Child Support FAQs

Do I have to pay child support if we have joint custody?

In many cases, if the parties share joint custody neither will be required to pay support. However, this is NOT a given. The court may require child support even in joint custody cases. The courts can deviate and reduce the amount in a joint custody situation. The child support guidelines generally consider it “joint custody” where each parent has at least 141 nights with the child. In joint custody cases, child support depends largely on the disparity of incomes: the larger the income disparity, the more likely the court will require support.

Does my overtime count as “income” for child support calculations?

Generally, yes. The definition of income in the child support guidelines is intentionally broad. If you work a job with regular overtime hours, then the overtime pay will be considered in the income calculations. In some circumstances, overtime pay can fluctuate. In those cases, the court can consider historical averages in determining your income amount.

Does the court consider child support payments for other children from a different relationship?

If you have been ordered to pay child support in another case, then the court will typically deduct that amount from your income. The courts usually do not consider expenses or costs of raising children that you have incurred outside of a court order, especially where the expenses were voluntarily taken on after your children were born. E.g. the costs of care associated with step children.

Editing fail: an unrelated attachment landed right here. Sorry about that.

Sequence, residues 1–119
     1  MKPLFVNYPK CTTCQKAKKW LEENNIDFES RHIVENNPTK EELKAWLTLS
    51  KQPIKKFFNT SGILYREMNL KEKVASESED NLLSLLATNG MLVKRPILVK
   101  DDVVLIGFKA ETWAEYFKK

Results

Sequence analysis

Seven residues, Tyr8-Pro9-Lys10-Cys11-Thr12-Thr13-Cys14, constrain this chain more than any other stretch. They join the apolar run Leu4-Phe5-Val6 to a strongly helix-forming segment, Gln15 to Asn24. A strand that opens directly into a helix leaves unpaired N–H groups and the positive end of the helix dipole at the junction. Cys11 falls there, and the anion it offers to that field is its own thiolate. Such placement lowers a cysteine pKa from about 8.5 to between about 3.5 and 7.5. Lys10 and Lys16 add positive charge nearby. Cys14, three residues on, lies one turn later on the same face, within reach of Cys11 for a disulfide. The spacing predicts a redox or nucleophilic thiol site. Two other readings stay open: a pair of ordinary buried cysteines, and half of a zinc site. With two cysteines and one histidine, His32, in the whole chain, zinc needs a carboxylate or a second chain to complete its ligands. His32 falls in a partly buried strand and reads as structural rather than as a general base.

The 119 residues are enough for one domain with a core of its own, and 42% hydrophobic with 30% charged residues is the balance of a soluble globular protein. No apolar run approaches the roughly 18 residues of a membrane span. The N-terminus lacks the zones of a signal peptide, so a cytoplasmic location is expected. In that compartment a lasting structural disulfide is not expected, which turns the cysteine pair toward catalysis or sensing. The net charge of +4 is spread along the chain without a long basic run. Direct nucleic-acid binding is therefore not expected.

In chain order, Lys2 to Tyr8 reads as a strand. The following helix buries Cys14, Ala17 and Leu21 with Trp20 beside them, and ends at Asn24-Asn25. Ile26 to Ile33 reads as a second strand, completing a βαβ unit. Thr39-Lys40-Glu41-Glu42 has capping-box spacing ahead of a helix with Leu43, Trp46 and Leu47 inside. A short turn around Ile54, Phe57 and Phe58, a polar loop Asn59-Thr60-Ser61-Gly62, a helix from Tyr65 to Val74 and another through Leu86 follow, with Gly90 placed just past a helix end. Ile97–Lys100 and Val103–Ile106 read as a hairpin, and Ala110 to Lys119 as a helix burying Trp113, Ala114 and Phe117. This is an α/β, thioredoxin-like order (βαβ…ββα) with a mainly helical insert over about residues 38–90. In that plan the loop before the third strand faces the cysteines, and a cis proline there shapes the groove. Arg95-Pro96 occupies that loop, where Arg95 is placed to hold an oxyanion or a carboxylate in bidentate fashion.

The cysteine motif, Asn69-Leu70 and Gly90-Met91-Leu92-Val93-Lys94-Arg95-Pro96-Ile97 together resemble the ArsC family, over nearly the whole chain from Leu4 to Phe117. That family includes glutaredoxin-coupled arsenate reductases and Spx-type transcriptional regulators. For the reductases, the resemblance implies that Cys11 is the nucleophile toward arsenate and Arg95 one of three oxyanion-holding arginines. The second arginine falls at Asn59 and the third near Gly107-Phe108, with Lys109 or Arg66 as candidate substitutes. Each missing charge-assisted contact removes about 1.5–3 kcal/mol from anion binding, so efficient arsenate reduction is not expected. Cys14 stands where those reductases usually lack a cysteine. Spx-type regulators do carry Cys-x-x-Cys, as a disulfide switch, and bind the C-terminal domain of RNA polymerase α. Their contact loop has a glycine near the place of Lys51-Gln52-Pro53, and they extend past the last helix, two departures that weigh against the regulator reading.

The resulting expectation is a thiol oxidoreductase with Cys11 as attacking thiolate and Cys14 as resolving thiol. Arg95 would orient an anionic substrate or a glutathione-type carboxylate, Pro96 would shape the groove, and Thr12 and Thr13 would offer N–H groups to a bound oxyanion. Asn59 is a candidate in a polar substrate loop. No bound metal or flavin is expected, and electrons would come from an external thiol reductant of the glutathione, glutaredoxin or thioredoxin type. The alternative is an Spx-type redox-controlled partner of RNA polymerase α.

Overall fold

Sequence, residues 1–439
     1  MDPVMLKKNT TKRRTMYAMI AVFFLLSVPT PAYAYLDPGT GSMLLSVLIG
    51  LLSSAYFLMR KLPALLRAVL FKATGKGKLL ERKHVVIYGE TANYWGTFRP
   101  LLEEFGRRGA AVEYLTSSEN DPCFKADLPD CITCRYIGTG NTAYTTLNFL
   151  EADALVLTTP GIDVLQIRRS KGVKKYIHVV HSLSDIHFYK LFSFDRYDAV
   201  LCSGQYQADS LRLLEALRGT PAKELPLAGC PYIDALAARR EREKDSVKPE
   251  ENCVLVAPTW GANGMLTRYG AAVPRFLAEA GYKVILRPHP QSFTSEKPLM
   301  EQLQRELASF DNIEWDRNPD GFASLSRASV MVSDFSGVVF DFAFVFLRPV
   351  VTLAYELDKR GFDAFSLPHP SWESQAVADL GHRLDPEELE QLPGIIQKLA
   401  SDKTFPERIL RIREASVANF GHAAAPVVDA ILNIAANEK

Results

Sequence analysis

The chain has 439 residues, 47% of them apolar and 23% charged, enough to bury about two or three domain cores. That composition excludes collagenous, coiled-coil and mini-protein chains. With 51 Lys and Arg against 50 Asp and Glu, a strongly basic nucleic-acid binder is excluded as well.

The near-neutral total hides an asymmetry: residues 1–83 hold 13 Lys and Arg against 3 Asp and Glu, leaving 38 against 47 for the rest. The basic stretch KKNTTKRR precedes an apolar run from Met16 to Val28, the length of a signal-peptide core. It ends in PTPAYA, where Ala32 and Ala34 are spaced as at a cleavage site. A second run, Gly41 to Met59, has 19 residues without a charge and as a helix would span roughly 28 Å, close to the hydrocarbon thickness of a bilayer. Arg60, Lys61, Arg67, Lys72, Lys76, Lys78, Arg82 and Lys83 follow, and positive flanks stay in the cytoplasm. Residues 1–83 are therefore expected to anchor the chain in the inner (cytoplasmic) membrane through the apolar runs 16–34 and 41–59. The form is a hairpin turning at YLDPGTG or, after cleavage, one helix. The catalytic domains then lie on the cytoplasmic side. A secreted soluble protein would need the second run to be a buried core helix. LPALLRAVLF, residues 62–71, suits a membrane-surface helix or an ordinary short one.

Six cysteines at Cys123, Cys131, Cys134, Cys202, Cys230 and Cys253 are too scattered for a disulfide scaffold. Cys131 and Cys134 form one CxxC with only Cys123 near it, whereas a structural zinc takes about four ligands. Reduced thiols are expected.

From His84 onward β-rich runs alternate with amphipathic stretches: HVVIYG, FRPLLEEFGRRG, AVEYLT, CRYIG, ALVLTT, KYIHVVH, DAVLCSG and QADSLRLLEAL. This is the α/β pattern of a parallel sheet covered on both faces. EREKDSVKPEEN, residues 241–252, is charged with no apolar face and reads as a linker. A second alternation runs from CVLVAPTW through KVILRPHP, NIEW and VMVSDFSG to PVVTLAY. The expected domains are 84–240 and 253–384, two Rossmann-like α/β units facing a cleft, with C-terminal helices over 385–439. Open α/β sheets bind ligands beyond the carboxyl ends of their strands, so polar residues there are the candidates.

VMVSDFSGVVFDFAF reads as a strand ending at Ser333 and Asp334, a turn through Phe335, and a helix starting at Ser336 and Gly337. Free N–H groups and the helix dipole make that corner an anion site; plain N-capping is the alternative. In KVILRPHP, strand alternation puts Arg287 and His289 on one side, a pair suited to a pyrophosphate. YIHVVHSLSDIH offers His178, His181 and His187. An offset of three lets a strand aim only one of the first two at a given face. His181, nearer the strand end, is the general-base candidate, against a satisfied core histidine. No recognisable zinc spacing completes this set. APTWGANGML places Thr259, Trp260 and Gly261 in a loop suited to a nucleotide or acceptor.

How does the court determine income for someone that is self-employed?

The income of a self-employed individual for child support purposes can be difficult to determine. The court typically looks at tax returns from at least two years back. The court also considers any expenses that are deducted for personal items and depreciation. The process can be complicated and tends to vary on a case by case basis. The important thing to understand is that the court rarely simply looks at the income reported on the tax return or the wages received, as they are generally not indicative of a business owners true net earnings.  

How often can I have child support reviewed?

The court may modify child support any time that there has been a material change of circumstances warranting a modification. A change of income of more than 20% is presumed to be a change of circumstances.

What if one of the parents is not employed?

If a parent is not employed then the court may impute a minimum age income on that parent based on a full time work schedule. The court has to consider the circumstances of each case before imputing an income. If the court does not impute minimum wage and a payor parent has an income of less than $900.00 per month then the presumptive amount falls to the minimum in the child support chart of $125.00 per month.

Do the courts consider disability for income calculations?

Needs based assistance such as TANF, food stamps, or SSI are generally excluded from income considerations for child support. However, social security disability benefits are usually considered in determining a parent’s income. If the payor parent receives a benefit that is paid directly to the payee parent on behalf of a child then that payment will typically be treated as a support paid rather than income.